Thursday, October 28

Innovation = Leadership? Not quite …

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Readers of earlier posts to this blog will recall that I almost always avoid using the word "innovation".  But for the purposes of this week's article let's borrow that word, along with the following definitions:

1.  "Innovation is ... balancing creativity with the discipline of making something happen"

2.  Innovation has three sequential stages:
  • Creating, elaborating and cultivating ideas
  • Sorting and filtering those ideas
  • Implementation

By these definitions, the most successful end-to-end innovators tend to exhibit a need to achieve, enormous energy, and a belief in the efficacy of their own action.

They thrive in cultures where openness and challenge are encouraged, where there’s freedom to think, act, and take risks.

To run the gauntlet of processes like the new product lifecycle there also needs to be management commitment, a clear and stable vision, and a team which collaborates and shares knowledge.

Thought-provoking, isn’t it?  And it’s even interesting if you’ve recently been reviewing documents on the subject of leadership.  The parallels are striking.

The following qualities are amongst those identified by Bob Anderson in his excellent document “Mastering Leadership”:

  • A sense of personal purpose [need to achieve?]
  • Translation of that purpose into a future vision [clear and stable vision?]
  • The leader's full commitment to that vision [management commitment?]
  • Setting stretching goals, to create energy [energy?]
  • Developing intuition to balance rational analysis [freedom to think, act, and take risks?]
  • Open (or “authentic”) dialogue [openness?  challenge?]
  • Co-operation with others [collaborates and shares knowledge?]

So we find significant overlap.  Successful innovators ought to be competent transformational leaders.  Equally, successful leaders who can harness creative resources towards their purposes should be able to innovate very effectively.

Let’s take care to detach from the word “Innovation” before closing, because this discourse has further disinclined me to adopt the word!  More useful to focus on the creativity required to generate ideas, and the leadership necessary for implementing them.

Friday, October 22

The Power of the Prototype

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Stimulating and gathering ideas is one thing, but making them real is quite another.   It can be extremely hard to make an idea come to life in the minds of your stakeholders, and more often than not there's only one chance to get that right.  If your vision of the future doesn't stick in people's minds, or if it takes entirely the wrong shape there, then a very valuable idea might be discarded for good.

So it's your responsibility to communicate ideas effectively.  If you fail to do so, you'll disadvantage not just yourself, but also anyone else who tries to resurrect the same idea ... ever!  If I fail to convince my boss first-time that there's a mass market for elasticated carrots, then elasticated carrots will always have a bad name, however good an idea they might become.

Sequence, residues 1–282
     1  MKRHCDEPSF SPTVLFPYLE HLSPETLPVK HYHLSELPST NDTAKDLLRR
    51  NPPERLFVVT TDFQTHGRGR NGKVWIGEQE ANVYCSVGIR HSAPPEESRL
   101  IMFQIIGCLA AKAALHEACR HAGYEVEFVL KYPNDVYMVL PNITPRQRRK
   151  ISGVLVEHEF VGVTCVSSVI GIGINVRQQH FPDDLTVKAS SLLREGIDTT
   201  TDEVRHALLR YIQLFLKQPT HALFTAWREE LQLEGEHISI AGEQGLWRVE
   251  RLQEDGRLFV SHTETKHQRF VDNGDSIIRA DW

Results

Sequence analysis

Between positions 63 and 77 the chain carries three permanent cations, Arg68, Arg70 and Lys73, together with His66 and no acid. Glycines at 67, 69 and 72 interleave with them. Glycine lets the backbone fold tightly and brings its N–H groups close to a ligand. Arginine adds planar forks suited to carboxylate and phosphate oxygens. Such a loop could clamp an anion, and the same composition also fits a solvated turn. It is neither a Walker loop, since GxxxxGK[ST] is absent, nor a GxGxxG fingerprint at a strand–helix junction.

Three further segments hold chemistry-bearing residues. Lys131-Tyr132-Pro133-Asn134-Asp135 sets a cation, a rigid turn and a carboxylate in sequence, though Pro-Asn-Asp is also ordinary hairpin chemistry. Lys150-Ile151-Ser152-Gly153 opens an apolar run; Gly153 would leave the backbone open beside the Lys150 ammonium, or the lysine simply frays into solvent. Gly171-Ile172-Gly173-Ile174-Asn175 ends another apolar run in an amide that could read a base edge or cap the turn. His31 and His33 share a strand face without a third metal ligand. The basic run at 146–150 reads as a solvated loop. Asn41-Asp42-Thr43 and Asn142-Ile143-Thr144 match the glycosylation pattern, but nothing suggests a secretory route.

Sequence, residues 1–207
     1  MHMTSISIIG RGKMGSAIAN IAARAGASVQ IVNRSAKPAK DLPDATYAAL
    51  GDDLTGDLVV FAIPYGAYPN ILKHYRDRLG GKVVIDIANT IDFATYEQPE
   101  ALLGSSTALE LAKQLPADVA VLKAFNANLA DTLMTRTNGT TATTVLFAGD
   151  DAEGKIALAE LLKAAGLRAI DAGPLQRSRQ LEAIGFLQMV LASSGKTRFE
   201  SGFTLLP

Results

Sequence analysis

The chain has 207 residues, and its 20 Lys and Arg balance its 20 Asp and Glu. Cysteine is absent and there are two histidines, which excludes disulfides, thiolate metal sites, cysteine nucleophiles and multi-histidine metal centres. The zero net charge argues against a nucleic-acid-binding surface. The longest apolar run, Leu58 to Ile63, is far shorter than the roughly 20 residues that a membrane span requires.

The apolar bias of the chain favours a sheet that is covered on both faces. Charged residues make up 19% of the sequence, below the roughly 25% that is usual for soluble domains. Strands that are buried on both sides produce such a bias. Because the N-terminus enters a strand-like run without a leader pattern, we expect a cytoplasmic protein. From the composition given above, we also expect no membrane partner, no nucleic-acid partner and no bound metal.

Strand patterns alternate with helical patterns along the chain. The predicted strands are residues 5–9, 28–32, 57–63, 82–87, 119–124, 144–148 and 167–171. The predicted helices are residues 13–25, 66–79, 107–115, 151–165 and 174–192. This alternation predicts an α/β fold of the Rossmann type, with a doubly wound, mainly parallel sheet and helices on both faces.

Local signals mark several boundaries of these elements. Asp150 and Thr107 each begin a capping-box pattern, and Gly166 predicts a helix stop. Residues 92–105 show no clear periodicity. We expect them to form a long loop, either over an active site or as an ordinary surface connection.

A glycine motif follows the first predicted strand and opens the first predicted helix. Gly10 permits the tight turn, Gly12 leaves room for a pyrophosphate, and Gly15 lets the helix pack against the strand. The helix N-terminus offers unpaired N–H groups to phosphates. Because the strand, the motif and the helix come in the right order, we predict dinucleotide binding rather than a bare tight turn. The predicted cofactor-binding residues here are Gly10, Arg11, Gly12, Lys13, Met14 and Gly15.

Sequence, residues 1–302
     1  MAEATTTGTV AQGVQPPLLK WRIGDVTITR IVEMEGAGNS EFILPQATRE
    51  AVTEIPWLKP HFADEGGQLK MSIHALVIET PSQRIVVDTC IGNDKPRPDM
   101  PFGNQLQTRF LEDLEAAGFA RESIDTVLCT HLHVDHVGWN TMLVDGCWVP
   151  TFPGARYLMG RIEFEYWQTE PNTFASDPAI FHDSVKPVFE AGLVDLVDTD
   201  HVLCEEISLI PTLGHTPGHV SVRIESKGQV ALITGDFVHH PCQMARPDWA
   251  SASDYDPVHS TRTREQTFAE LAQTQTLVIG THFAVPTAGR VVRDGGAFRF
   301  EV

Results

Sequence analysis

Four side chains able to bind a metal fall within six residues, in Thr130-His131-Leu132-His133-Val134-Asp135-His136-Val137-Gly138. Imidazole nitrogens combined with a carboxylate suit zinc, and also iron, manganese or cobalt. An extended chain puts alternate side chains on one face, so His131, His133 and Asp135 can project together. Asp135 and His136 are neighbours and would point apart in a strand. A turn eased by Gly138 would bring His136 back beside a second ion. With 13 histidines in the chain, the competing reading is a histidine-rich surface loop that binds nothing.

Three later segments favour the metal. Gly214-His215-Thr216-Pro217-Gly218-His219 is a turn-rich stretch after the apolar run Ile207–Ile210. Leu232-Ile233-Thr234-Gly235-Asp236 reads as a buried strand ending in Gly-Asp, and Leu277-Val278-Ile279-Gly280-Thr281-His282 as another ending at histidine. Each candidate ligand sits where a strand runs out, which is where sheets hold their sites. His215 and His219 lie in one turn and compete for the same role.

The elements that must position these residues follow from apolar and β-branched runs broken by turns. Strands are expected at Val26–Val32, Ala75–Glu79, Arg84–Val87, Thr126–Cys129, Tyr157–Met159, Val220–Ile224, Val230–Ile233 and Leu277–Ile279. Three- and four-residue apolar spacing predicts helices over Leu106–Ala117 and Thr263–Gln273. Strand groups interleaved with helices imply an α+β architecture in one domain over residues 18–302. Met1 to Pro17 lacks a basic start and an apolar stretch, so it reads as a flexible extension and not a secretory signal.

Words alone might not do the trick.   Neurolinguistic Programming (NLP) tells us that different people have different sensory preferencesthat is they each prefer to absorb information and ideas using different senses.  So even if you're highly clear and articulate, you're really only appealling to people with an auditory preference.

Most people's preference is visual, so most of the time a visual articulation of the idea will be much more powerful.  I've recently experimented with 2D mock-ups using simple office tools, and have found that I get much more traction in trying to explain my ideas.

Of course the nirvana is a 3D prototype with moving parts, which can be touched and manipulated by hand.  This appeals to people with either a visual or kinesthetic (i.e. "touchy-feely") preference.  Your investment in a 3D model will tend to be higher, but you only get one chance to get this right, so take care to ensure a compelling demonstration whatever format you choose.   The less well you know your stakeholders, the more investment you should prepare to swallow in order to win them over.

Friday, October 15

The Oxygen of Executive Attention?

So you've accumulated 27 new ideas this week, and one or two of the better ones are really starting to take shape after discussions with specialists.  Does that mean it's time to open a dialogue with senior management?

Unfortunately, it probably doesn't--unless you happen to have an especially enlightened team of CxOs.  Most of the top team will tend to be rather preoccupied with today's pressing issues, and will tend to be impatient with half-baked ideas.  The best you can really hope for at this early stage is a word or two of general-purpose encouragement.

Far better then to spend a little more time elaborating the idea into something which resembles an early business case.  It will be more readily recognised and interpretted that way, and is likely to be taken more seriously as a result.  I suggest thinking carefully about what your senior managers like to see as part of a proposal, and creating a simple template to ensure the main areas always get some consideration.  (For example, one of my templates has slides for each of the following: Need, Costs and Benefits, Solution, and Alignment.)